For example, we know our team is smaller than many. And it works for us. Some might see this as a shortcoming when it comes to support, but the reality is it’s just not, largely because our software is incredibly well-built and also because we mitigate.

We can supplement our size with the use of tools, being flexible with our schedules, and managing our user’s expectations. In support terms, this means dogfooding our knowledge base software and helping our users self-serve, educating users with content, and all pitching in on support tickets.

I believe we’re a closer team because we’re a small one. The added bonus is being small keeps our overheads low and our profitability high, which in turn makes us more reliable. What’s more volatile, a 30-strong company with $5m in debt funding and are therefore not profitable, or a 3-person bootstrapped team who’re profitable and growing steadily? 🤷

The Problem with Being Quiet

In two years, HelpDocs has gone from being bootstrapped in a garden shed, to a company comfortably (and very profitably) supporting our salaries and expenses. In terms of growth—albeit arbitrary in the context of reliability—we are doing pretty well.

While we’re a small team we serve some of the biggest brands on the planet, without issue. Yes, we are small—in the sense that we are a 3 person team. But our customers range from Fortune 500s like Walmart to innovative startups like Sphero and Sia.

In fact, our knowledge bases are helping teams working on cancer research, developing groundbreaking educational robots, building incredible software.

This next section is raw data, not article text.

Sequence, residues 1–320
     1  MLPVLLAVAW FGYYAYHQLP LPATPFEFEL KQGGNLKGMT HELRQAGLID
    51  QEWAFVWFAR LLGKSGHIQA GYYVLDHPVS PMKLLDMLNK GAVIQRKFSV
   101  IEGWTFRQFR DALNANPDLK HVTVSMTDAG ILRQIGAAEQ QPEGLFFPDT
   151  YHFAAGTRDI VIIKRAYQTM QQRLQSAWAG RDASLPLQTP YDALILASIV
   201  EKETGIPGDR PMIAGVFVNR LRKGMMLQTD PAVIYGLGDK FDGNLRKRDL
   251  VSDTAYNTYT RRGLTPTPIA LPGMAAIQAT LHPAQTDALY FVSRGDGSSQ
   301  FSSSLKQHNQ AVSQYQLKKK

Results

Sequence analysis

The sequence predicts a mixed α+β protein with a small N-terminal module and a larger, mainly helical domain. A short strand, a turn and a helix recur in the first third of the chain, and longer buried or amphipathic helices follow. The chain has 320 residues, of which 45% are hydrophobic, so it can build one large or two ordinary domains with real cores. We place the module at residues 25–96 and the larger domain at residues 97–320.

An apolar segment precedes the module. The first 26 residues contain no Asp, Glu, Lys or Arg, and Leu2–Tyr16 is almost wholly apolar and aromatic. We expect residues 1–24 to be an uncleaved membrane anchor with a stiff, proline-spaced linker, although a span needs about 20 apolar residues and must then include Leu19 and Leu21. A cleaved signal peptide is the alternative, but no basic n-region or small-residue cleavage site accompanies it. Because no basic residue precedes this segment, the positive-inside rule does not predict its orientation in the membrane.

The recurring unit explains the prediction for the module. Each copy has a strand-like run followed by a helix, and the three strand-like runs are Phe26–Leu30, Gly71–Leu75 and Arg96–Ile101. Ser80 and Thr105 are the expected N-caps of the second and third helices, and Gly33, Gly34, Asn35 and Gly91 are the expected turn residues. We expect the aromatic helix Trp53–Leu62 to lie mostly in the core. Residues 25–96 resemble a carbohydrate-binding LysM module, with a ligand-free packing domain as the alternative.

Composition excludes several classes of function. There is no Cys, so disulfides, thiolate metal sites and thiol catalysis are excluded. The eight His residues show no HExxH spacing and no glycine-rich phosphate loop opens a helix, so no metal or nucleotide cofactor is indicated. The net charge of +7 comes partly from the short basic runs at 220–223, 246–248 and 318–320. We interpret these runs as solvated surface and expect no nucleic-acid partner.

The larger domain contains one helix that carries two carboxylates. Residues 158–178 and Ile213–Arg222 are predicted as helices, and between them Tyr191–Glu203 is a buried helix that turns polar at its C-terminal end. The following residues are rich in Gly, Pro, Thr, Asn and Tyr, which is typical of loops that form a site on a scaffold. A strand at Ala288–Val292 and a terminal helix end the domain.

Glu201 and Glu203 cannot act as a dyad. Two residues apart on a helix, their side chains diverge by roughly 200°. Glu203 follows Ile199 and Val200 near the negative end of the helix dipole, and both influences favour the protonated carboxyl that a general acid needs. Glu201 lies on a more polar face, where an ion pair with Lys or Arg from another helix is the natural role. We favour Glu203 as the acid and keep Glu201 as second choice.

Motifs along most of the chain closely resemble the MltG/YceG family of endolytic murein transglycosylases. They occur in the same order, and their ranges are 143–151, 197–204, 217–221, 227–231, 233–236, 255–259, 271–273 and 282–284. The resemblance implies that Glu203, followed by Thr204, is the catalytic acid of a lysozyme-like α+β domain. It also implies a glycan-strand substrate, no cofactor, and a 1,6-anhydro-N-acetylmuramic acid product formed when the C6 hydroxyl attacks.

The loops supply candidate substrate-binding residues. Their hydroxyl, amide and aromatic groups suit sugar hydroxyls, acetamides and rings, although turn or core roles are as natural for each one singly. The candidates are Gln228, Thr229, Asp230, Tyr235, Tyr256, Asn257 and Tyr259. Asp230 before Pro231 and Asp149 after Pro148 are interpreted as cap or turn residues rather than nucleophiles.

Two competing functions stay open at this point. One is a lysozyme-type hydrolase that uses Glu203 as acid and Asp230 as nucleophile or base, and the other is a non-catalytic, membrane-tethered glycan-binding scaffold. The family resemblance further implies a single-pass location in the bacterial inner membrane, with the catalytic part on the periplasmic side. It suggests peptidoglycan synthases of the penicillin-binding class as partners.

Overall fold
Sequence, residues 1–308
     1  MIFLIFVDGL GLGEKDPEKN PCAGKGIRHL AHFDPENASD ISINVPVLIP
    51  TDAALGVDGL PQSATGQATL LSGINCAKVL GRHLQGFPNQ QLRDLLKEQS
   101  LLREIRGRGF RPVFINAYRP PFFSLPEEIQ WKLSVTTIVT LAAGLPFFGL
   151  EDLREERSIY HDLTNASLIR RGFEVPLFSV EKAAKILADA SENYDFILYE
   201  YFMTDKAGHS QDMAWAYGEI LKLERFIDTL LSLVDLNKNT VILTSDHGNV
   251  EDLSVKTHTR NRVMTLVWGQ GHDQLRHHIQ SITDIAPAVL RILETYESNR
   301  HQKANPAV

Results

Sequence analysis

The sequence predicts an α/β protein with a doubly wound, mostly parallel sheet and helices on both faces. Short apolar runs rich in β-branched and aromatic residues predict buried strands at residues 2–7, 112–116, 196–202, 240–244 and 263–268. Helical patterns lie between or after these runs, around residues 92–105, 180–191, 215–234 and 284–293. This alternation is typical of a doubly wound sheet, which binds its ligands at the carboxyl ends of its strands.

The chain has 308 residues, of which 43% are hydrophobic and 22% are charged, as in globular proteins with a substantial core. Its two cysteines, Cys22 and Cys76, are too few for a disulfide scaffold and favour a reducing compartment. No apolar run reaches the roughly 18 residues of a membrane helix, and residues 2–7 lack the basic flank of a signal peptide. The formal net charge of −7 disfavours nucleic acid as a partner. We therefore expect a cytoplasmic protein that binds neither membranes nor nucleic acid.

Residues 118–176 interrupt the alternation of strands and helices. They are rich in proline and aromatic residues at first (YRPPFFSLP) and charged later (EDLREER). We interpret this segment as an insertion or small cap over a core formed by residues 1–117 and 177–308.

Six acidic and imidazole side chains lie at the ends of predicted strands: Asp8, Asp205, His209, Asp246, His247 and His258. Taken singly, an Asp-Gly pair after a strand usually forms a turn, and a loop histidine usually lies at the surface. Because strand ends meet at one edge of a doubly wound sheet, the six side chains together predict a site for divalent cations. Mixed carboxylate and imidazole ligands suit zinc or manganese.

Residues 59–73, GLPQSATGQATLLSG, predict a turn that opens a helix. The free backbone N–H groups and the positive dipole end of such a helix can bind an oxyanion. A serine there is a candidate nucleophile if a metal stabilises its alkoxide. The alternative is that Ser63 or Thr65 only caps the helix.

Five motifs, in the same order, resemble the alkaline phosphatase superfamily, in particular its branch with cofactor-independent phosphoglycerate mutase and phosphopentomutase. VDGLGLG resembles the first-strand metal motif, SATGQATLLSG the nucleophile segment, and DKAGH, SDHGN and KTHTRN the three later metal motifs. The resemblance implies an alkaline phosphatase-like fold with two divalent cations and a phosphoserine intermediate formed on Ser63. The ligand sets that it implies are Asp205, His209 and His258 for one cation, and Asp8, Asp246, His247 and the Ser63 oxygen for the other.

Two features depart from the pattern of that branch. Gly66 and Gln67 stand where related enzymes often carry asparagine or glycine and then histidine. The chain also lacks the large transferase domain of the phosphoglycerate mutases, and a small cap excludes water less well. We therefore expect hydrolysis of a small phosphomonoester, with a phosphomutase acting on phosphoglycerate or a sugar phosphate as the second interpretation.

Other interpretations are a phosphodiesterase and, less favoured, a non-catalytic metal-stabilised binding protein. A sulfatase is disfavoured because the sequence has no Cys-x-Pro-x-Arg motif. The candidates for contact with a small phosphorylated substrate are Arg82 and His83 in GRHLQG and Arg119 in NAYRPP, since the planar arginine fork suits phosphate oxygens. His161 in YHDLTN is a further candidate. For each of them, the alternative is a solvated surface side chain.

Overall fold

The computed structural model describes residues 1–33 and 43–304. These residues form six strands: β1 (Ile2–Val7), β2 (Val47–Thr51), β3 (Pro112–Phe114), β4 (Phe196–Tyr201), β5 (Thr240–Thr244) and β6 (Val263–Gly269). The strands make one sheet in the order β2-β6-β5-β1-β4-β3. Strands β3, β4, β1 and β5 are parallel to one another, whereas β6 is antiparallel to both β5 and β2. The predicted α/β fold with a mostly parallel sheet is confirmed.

Small team, sure. Small impact? Hell no!

You probably wouldn’t know that, though, because we don’t talk about it very much. In fact, we don’t make much noise about ourselves at all. Boasting just isn't our thing. Even those few paragraphs made me feel a little ill and in need of a shower. 🚿

I think there's a fine line between transparency, sharing our thoughts and projects, and outright boasting that I'm yet to navigate well.

Internally, we are 100% transparent. But it’s not a part of our culture to share things outwardly. We don’t talk specifics around our growth rate very often, and we never share revenue data and user stats. Sure, we occasionally tweet about how many requests we’ve had in the past month, but that’s about it.

What we do share is rarely outright promotional. It's mainly thoughts, occasional stories about our daily lives or perhaps stories that might help another bootstrapped company navigate something in the future. But we don't big up the HelpDocs software.

Of course, I don’t begrudge anyone who does promote themselves or share internal data, it’s just not for us. If you want to buy ads on billboards and busses or share your revenue, fill yer boots! For us, it would feel too much like we’d be doing it to show off. And to what end?

Sure, we might boost our egos a little, but we'd make those who aren’t doing so well feel even worse. They’d feel bad, and apart from perhaps a slight sense of superiority, we wouldn’t get anything out of it.

So, while being quiet might do little to change how we're seen as a small team, the alternative would just be adding to the noise, in an already deafening world. 📢

Size isn’t Always Indicative of Size